Entrepreneurs and companies that want to be at the forefront of smart city initiatives and the Internet of Things need to focus on sharing infrastructure, building on standards and plug-and-play devices.
The UK government wants Britain to be a hub for smart city projects and a source of standards that will help drive an interoperable technology-fuelled future for urban areas. So far, that has meant opening up public data to be mined by different officials for social, economic and environmental improvements to public services. In addition, citizens have also been able to develop projects of their own aimed at improving the quality of life in the city. But opening up public data banks won’t be enough for the cities of the future.
By 2020, Cisco is predicting that 50 billion devices in the world will be connected to the internet, creating an unprecedented level of potentially useful data. But, according to Duncan Wilson, Intel director of ICRI Cities in London, cities and firms won’t be able to take advantage of all that information if the infrastructure and hardware behind it can’t work together.
“There are some physical constraints to actually being able to deploy that number of devices, unless you start to look at different ways to get the data off those devices and at different communication strategies,” he explains. “One of the great things about the open data movement is that it laid some of the foundations; it’s starting to get people to understand that it’s good to be able to share resources.”
But, in the future, it won’t just be about sharing data, it’ll be about sharing infrastructure and improving communication networks to help both companies and councils to reduce the cost and complexity of smart city projects.
“For example, up in Enfield, we have what we call gateway devices for our air quality project. Multiple sensors can connect into these gateway devices, which then send the data up to the cloud, but the gateway itself can also do some local processing. That infrastructure is already being deployed on lamp posts etc., although there’s an expense in doing that,” says Wilson.
“We’ve now had a company that’s won a research project to deploy some car parking sensors and some of them are very close to the gateways, so they’re saying; ‘Can we connect our sensors into your gateways so that we can reduce the cost of the hardware?’ But, since it’s the councils that will have to maintain these platforms in the future, it also helps them to reduce the infrastructure,” he adds.
This sort of platform-sharing is still in the research phase right now. It won’t be easy to bring it into the mainstream, because there’s both the technical challenge of interoperability and the commercial challenge of how to negotiate the necessary relationships between different companies and city organisations.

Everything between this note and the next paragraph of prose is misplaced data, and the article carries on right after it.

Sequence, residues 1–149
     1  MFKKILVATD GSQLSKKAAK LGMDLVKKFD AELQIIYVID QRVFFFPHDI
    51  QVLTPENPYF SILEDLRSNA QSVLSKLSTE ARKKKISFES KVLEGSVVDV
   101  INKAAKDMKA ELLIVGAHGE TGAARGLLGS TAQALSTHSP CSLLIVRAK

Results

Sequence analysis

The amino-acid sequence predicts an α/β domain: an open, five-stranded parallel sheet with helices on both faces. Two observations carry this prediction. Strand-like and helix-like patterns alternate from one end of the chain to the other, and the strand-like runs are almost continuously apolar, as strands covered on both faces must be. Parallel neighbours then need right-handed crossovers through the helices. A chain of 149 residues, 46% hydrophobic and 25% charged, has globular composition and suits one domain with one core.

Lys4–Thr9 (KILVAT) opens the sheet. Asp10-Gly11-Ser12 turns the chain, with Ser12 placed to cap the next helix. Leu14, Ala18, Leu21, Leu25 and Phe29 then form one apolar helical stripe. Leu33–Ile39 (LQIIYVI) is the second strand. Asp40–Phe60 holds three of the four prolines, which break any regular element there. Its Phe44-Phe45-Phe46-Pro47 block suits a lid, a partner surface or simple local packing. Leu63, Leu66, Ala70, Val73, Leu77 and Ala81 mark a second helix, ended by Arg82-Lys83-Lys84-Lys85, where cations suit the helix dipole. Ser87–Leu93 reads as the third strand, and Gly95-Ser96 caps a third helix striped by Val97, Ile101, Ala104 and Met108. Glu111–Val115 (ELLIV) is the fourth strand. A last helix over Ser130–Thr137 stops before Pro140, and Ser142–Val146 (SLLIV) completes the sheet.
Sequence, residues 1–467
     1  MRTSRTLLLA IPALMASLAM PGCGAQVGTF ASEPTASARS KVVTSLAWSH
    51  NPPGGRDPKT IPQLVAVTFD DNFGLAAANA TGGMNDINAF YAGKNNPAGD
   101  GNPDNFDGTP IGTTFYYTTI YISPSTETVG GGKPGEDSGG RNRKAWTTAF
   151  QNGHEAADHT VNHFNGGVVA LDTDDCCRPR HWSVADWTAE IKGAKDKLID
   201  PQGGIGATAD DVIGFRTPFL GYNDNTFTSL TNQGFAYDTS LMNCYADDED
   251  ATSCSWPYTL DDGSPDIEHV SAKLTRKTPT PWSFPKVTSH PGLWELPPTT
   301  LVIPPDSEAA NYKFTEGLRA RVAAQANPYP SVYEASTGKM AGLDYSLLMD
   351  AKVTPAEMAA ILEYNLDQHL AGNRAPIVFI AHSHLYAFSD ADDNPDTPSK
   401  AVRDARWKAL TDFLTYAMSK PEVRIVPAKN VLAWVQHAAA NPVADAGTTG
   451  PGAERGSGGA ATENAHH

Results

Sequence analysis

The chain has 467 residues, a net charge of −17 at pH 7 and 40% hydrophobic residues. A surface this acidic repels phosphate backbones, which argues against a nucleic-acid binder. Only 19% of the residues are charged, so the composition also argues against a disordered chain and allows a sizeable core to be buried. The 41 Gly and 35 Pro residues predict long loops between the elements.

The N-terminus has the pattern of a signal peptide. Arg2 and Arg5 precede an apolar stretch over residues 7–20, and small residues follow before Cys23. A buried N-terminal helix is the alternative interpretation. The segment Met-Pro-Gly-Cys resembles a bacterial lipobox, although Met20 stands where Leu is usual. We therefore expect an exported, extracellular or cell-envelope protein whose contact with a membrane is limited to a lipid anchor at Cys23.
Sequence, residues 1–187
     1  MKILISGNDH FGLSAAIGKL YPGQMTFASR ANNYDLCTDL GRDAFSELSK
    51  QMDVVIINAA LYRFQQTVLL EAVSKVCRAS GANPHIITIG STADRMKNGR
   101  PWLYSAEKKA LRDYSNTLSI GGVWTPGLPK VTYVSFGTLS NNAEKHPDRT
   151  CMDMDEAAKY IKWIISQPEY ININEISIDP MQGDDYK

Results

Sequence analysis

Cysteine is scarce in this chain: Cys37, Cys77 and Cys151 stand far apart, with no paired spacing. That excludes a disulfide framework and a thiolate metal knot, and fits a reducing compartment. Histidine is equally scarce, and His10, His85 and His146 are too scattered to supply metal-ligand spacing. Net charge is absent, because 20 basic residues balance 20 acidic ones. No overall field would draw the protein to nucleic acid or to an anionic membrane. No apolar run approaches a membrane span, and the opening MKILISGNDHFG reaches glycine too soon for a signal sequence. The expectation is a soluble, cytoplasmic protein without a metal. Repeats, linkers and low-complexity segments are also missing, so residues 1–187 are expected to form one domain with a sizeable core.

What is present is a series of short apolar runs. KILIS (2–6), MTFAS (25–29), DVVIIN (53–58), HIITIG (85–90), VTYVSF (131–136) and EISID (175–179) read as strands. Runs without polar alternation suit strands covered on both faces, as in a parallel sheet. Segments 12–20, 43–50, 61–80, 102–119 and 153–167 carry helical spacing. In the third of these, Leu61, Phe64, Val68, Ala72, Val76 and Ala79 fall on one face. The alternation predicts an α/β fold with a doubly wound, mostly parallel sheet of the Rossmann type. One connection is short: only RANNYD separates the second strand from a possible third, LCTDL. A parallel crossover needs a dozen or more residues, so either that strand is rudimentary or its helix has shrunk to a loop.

If you can build a network of devices that can talk to each other and pull the data from them with improved communications networks, you’ll still then need to extract some sort of meaningful intelligence from all that information. This is an area that IBM sees as crucial for the future of smart cities.
“The next set of advances will be in algorithms; what we call cognitive systems. These are systems that can apply a level of intelligence that can cope with data involving number stuff as well as textural stuff, and then be able to make sense of that, enhancing and speeding the decision-making process,” Rashik Parmar, president of IBM’s Academy of Technology, explains.
Scott Cain, executive director of strategy, business development and communications at Future Cities Catapult, agrees.
“I think the big shift is going to be around the better use, not just of big data, but of rich data. Through doing insights work, ethnography work and world-class service design work, we’ll begin to get a much better understanding of how people want to live their lives and what the priorities are for them,” he states.
It might require the big technology players to come up with key communications advances and innovation in data management, but IBM’s Parmar and Intel’s Wilson believe that there’s going to be plenty of room for entrepreneurs and small companies.
“We would argue that there’s more opportunity for the entrepreneurs than for us. Because a lot of this is going back almost to cottage industries, where you want to address the needs of a place very precisely; understanding the city at a micro-level and then delivering value to that micro-ecosystem,” Parmar pursues. “It might be based on data from some big organisation, but delivering value at a very local, very specific space is where we see the opportunity happening.”
Wilson believes that small players will be important not just because of the micro ecosystems, but because smarter cities are about much more than just technology.
“It’s not just a technology solution; it’s about the social, economic and environmental wellbeing of cities. I think you will get a plethora of smaller players that are very successful in their own markets, which is why I think the interoperability side is so important,” he concludes.
With such a range of opportunities and investments available, backed both by business interests and political & social will, the future for smart cities is certainly looking bright.
Did you miss Part 1 of The growth of Britain’s smart cities? Read more about the strategies and projects that aim to put the UK on the smart cities map here.